Wage Attestation Requirement. There is no specific wage requirement for F-1s during the STEM OPT period.  However, the STEM OPT employer must attest that the F-1’s compensation is commensurate with that provided to U.S. employees who perform similar duties and responsibilities, and whose educational background, experience, and skill set are similar to that of the STEM OPT student.
Non-Replacement Attestation. The employer must attest that it will not replace a part-time, full-time, temporary or permanent U.S. worker with an F-1 on STEM OPT.   DHS defines “replacement” as the loss of existing or previous employment.
Evaluation of F-1 Employee’s Performance. The F-1 worker must complete a self-evaluation on Form I-983, and the employer must review it for accuracy and sign it.  Evaluations must be performed within the first 12 months of the STEM OPT employment and again at the conclusion of STEM OPT.  Evaluations are due to the DSO within 10 days after the close of the evaluation period.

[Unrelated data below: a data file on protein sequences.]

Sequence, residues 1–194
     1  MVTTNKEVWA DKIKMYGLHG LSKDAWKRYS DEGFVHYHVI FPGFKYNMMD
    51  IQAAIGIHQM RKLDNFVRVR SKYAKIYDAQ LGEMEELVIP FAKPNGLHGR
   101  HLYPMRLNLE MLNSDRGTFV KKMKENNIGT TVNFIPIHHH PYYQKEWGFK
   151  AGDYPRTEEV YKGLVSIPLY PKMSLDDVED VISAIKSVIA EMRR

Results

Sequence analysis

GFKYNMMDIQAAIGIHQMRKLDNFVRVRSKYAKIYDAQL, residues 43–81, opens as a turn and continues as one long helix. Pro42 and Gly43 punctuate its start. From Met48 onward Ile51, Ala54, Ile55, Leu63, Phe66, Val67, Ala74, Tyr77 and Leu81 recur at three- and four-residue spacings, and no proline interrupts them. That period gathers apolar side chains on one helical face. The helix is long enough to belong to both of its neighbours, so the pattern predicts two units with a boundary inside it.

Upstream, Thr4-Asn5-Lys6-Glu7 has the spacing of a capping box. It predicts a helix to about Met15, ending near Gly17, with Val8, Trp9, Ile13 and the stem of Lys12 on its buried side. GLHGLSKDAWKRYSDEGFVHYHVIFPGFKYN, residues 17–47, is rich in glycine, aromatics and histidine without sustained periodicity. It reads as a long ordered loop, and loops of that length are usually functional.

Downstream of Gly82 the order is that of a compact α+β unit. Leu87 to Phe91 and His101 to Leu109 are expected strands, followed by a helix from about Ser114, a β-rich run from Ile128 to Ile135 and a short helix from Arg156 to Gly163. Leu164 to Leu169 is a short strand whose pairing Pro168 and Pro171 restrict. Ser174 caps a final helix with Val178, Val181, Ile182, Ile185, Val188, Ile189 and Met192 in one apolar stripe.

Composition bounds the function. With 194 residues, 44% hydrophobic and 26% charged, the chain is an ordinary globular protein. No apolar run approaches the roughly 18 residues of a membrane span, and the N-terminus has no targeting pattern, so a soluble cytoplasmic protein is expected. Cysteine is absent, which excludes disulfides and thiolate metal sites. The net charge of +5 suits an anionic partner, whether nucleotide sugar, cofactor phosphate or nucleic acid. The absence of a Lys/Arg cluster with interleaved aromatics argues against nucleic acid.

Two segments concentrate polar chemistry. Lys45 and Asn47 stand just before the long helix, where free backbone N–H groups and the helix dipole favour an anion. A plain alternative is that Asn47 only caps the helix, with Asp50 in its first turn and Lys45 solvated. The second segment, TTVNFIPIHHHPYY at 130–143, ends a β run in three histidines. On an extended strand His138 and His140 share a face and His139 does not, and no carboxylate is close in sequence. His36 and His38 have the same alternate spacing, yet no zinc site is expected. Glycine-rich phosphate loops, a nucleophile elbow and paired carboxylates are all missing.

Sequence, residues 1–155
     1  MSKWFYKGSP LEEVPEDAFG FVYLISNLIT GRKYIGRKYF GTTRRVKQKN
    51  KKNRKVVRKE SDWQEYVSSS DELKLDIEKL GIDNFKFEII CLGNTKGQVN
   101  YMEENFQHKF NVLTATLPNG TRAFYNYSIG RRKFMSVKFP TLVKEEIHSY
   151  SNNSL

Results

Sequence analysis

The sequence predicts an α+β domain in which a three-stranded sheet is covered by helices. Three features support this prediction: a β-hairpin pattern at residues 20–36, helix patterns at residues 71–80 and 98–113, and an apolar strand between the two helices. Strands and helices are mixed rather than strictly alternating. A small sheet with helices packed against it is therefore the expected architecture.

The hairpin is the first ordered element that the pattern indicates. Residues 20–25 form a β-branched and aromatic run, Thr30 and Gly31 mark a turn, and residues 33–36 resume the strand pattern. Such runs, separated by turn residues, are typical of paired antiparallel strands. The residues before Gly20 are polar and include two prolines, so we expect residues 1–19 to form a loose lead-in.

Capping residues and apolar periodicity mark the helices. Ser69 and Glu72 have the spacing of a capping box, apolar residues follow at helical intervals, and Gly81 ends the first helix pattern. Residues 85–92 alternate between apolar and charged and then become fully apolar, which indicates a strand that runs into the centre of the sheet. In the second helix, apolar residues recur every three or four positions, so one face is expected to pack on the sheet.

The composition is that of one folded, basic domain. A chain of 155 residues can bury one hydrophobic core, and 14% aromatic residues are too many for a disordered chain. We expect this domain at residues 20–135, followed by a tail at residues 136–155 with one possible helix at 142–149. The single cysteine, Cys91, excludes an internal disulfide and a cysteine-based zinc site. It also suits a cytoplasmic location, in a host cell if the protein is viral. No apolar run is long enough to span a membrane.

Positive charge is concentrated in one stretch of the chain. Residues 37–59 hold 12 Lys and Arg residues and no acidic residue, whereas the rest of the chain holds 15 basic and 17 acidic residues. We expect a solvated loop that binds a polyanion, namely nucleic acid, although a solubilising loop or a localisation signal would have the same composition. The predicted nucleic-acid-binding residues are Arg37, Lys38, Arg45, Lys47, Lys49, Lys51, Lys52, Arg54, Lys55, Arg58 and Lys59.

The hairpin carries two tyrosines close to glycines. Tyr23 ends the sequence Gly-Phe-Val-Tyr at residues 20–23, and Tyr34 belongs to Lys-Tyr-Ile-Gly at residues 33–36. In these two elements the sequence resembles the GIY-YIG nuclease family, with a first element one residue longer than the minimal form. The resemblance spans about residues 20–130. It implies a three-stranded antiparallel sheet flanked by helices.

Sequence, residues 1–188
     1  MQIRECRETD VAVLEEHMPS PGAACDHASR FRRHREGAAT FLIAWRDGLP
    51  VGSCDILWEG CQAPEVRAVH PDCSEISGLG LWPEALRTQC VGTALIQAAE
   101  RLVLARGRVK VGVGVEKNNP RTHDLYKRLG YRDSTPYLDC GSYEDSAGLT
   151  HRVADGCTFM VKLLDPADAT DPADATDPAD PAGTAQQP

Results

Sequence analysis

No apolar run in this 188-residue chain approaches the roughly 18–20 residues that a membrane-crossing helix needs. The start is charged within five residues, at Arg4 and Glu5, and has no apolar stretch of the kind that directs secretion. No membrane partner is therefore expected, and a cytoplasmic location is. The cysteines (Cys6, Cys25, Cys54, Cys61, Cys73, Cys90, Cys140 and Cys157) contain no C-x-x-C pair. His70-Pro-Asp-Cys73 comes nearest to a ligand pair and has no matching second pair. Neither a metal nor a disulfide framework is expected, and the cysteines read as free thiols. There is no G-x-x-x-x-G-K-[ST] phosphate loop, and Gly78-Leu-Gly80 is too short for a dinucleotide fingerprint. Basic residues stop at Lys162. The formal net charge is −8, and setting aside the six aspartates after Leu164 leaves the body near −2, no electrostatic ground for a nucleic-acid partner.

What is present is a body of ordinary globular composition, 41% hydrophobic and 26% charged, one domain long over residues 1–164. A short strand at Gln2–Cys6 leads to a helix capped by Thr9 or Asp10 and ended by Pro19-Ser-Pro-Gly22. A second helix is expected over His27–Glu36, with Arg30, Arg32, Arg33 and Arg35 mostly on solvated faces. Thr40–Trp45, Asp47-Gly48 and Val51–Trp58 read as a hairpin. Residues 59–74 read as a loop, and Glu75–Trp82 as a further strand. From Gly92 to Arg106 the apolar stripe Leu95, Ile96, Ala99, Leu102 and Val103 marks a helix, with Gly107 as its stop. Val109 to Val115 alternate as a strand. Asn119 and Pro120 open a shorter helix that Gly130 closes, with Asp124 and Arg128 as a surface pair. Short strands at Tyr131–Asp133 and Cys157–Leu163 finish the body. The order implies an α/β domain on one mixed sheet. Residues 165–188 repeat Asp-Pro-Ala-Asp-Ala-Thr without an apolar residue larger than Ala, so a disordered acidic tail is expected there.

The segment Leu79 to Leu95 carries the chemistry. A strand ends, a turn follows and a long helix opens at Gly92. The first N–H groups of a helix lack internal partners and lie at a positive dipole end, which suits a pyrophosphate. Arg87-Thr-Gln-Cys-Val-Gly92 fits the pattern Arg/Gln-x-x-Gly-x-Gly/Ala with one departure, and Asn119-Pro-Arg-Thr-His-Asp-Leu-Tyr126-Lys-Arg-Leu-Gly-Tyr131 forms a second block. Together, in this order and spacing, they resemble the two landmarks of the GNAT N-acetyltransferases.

Employers may incorporate any existing evaluation processes, however  the purpose of an internal performance evaluation is different from that of a STEM OPT evaluation.  An internal performance evaluation focuses on how well an employee is performing the duties of the job and is often used to determine salary increases and promotions.  A STEM OPT evaluation, on the other hand, focuses on the F-1’s progress in meeting the goals outlined in the training plan.  It is not intended to subjectively evaluate how well the F-1 performs the duties.